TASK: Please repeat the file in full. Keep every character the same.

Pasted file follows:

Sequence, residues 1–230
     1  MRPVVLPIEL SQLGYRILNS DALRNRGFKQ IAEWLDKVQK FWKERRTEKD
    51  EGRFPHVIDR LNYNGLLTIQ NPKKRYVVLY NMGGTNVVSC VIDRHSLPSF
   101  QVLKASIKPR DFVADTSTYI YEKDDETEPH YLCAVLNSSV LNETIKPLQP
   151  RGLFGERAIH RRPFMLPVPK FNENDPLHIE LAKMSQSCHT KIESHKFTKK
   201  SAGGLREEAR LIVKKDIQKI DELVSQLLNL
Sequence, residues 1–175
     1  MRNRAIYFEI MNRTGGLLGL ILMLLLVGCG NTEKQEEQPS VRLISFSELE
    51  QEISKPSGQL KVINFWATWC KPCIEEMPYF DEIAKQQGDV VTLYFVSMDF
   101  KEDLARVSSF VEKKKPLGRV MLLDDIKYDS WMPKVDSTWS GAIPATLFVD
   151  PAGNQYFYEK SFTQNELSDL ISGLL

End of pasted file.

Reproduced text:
Sequence, residues 1–230
     1  MRPVVLPIEL SQLGYRILNS DALRNRGFKQ IAEWLDKVQK FWKERRTEKD
    51  EGRFPHVIDR LNYNGLLTIQ NPKKRYVVLY NMGGTNVVSC VIDRHSLPSF
   101  QVLKASIKPR DFVADTSTYI YEKDDETEPH YLCAVLNSSV LNETIKPLQP
   151  RGLFGERAIH RRPFMLPVPK FNENDPLHIE LAKMSQSCHT KIESHKFTKK
   201  SAGGLREEAR LIVKKDIQKI DELVSQLLNL
Sequence, residues 1–175
     1  MRNRAIYFEI MNRTGGLLGL ILMLLLVGCG NTEKQEEQPS VRLISFSELE
    51  QEISKPSGQL KVINFWATWC KPCIEEMPYF DEIAKQQGDV VTLYFVSMDF
   101  KEDLARVSSF VEKKKPLGRV MLLDDIKYDS WMPKVDSTWS GAIPATLFVD
   151  PAGNQYFYEK SFTQNELSDL ISGLL